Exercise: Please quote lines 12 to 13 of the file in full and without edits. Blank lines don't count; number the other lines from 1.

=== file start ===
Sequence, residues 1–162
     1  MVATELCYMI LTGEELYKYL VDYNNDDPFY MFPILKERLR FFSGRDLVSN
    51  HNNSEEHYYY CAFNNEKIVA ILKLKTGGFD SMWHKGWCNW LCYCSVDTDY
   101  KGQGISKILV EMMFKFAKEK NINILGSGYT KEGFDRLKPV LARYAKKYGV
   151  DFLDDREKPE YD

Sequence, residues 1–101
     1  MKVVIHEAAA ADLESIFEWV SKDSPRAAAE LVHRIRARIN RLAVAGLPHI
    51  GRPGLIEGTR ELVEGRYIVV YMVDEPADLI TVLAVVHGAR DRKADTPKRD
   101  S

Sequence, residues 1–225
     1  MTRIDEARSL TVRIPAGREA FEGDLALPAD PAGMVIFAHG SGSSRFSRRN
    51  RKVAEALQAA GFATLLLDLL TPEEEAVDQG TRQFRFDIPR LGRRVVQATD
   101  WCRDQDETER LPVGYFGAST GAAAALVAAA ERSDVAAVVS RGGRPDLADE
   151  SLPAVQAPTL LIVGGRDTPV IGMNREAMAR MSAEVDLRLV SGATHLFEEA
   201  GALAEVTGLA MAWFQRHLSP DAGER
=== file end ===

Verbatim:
    51  RKVAEALQAA GFATLLLDLL TPEEEAVDQG TRQFRFDIPR LGRRVVQATD
   101  WCRDQDETER LPVGYFGAST GAAAALVAAA ERSDVAAVVS RGGRPDLADE